The surest way to guarantee long term protection of natural resources and coastal lands is through ownership or perpetual conservation easements.  Recently, the Virginia CZM Program has been working with TNC, DCR, DGIF, and USFWS to acquire properties on the southern tip of the Eastern Shore which are critically important as migratory songbird stopover habitat.  Read more about the Virginia CZM Program's land conservation efforts






The Seaside is a coastal wilderness that provides critical migratory and breeding habitat for birds, sea turtles, and marine mammals. 

While paddling the Seaside, please protect wildlife and its habitat by observing the following guidelines:

Beach-nesting Birds

Waterbirds represent a broad suite of avian species that breed in close proximity to water.  Many are ground nesting species, which mean they lay eggs on bare or vegetated sand, while others build nests off the ground in grasses, low shrubs or trees. 

Waterbirds have to beat some pretty hefty odds in order to successfully produce young on Virginia’s highly dynamic beaches and marshes.  Storms and spring high tides often wash out a portion of the nests and/or drown flightless chicks.  Predators such as raccoons, foxes, gulls and crows can have a negative impact on breeding success as can humans and pets entering into or venturing too close to nesting areas. 

Try to avoid landing on barrier islands and marshes during the waterbird breeding season from April 1st through September 15th.   If you need to land, there are many things you can do to minimize disturbance to nesting birds during the breeding season on the barrier islands and in marsh areas.   

Barrier Island Beach Nesting Bird Brochure

"Life on the Beach Isn't Always Easy"

This brochure educates barrier island visitors on how to avoid disturbing these fascinating, but sensitive, beach nesting birds.
Download a copy of the brochure -
Side One (pdf, 72 dpi)
Side Two (pdf, 72 dpi)
If you would like to receive hardcopies, please contact the Virginia CZM Program .

Seaside Barrier Islands:

Please heed the following rules when visiting the barrier islands during the breeding season. 

  • Do not linger unnecessarily.

  • Remain as close to the water’s edge as possible.
  • Avoid wandering over dry beach or vegetated areas to avoid injuring chicks or eggs.
  • Avoid wet mudflats where young chicks and adults actively feed.
  • Respect all nesting areas that are posted with bird closure signs by staying out.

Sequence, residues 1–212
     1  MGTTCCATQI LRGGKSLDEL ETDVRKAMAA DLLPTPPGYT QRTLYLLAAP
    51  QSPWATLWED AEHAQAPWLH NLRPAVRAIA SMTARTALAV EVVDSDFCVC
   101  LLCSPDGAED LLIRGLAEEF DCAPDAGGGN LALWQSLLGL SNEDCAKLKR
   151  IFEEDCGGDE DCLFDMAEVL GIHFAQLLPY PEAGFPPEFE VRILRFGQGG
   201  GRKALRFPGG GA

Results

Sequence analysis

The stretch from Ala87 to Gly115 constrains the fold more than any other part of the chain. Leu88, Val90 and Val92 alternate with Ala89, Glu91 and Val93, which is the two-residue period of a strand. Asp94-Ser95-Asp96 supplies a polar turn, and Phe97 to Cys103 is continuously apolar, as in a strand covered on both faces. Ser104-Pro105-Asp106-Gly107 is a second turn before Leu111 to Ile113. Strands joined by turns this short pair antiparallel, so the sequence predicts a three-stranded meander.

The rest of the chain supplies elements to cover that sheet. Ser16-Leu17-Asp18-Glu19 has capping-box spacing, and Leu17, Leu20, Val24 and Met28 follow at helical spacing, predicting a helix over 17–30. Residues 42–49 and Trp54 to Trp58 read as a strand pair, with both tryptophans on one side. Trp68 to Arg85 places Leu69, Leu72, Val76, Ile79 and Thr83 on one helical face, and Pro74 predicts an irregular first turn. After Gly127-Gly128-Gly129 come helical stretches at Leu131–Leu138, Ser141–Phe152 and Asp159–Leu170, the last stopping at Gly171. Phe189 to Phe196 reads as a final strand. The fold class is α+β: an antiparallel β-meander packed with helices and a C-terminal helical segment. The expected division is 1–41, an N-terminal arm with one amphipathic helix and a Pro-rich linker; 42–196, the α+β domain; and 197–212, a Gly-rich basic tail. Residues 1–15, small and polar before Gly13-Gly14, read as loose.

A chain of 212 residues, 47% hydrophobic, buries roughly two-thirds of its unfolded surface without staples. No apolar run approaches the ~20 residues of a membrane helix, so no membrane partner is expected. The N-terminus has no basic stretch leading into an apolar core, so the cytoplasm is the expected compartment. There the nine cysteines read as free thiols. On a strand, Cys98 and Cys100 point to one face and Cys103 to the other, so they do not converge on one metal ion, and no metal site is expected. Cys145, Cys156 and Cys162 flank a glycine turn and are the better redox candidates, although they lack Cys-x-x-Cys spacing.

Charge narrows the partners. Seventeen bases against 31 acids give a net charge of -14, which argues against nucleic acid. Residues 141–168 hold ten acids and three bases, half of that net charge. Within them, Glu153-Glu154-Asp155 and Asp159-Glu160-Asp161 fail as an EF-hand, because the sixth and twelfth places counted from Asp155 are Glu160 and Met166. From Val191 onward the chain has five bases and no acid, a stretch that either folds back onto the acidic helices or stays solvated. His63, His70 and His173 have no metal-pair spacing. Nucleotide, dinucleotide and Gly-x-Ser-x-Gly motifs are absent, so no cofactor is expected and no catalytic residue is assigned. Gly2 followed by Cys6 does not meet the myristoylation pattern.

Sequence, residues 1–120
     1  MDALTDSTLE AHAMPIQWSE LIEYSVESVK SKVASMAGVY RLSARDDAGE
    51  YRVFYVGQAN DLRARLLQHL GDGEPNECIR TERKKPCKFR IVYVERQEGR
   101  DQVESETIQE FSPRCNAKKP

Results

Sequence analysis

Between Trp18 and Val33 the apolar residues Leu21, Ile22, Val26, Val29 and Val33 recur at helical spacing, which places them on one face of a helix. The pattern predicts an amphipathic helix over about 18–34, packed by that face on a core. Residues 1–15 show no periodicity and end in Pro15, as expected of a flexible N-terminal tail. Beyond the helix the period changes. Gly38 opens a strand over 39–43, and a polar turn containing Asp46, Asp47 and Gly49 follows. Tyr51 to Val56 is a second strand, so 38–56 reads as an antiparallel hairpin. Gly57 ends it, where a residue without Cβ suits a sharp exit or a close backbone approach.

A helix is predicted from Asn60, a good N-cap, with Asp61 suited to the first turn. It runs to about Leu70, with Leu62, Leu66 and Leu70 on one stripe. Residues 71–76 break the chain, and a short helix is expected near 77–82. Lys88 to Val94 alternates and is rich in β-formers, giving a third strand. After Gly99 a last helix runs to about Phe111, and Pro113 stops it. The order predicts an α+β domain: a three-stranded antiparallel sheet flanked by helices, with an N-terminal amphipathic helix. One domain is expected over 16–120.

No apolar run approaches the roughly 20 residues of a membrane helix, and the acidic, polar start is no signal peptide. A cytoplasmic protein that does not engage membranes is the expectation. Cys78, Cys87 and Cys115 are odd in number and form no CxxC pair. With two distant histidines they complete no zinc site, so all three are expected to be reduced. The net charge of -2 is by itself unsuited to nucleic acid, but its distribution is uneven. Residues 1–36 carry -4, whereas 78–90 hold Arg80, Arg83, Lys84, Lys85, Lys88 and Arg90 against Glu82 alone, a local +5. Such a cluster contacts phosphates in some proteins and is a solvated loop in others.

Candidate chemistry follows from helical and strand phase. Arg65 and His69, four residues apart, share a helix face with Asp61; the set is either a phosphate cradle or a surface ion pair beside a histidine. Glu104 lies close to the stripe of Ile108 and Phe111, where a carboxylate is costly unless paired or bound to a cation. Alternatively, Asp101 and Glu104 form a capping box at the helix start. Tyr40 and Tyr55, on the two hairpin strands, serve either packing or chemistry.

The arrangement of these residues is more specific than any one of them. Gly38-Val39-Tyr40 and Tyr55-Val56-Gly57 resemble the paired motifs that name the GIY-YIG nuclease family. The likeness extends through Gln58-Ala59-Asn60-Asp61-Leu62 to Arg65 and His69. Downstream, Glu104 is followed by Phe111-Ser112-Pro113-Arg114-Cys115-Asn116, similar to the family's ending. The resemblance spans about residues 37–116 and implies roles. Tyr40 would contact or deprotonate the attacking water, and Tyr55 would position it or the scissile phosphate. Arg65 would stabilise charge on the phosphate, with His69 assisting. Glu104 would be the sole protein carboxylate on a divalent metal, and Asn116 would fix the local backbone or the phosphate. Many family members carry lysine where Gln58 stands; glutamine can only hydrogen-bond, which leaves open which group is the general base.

• Always pay attention to the birds.  If you are too close they will vocalize, take flight, dive bomb and/or exhibit defensive behaviors such as broken wing displays to lure you away from nests or hidden chicks.
  • Avoid making loud noises or engaging in any disruptive activities (e.g., kite flying) and do not linger in or near bird nesting areas unnecessarily.
  • Avoid visits to beaches during the hottest part of the day, and during cool (less than 70° F) and/or inclement weather.  If nesting birds are startled off their nests during hot, sunny days, the eggs can actually bake in the sun and heat.
  • Do not leave trash or food on the beach.  Remember to carry out what you bring in!
  • Avoid paddling too close to barrier island shorelines.  If birds on the shore take flight upon your approach, steer away from the area and remain as close to the main channel as possible.
  • Keep pets at home (pets are not allowed on any TNC owned islands).
  • Overnight camping and campfires are not permitted on any of the ocean-facing barrier islands.
  • Go to the Seaside Land Ownership and Regulations page for more details on barrier island visitation policies and take the time to call the appropriate agency to get additional information on public use policies specific to the areas you plan on visiting.

Seaside Marshes and Marsh Islands:

Try to avoid landing on marsh shorelines or islands during the breeding season.  Marshes are hot and buggy, difficult to traverse, and extremely sensitive to human disturbance.  If you do have to land on a marsh shoreline, please heed the following tips:

  • Remain close to the water’s edge at all times and do not linger in the area unnecessarily.